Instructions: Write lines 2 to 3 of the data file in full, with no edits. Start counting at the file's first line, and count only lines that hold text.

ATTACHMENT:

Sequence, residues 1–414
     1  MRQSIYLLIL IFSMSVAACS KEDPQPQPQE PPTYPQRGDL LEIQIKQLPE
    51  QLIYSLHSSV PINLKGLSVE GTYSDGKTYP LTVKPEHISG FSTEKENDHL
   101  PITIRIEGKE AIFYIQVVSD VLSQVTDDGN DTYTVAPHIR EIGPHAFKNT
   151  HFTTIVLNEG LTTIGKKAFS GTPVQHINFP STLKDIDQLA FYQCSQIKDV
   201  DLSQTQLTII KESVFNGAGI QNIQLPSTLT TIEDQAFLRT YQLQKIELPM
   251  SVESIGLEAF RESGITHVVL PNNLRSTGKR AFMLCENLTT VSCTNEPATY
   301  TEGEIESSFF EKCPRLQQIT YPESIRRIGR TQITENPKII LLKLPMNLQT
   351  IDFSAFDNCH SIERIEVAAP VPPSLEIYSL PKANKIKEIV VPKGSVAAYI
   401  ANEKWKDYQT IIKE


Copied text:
     1  MRQSIYLLIL IFSMSVAACS KEDPQPQPQE PPTYPQRGDL LEIQIKQLPE
    51  QLIYSLHSSV PINLKGLSVE GTYSDGKTYP LTVKPEHISG FSTEKENDHL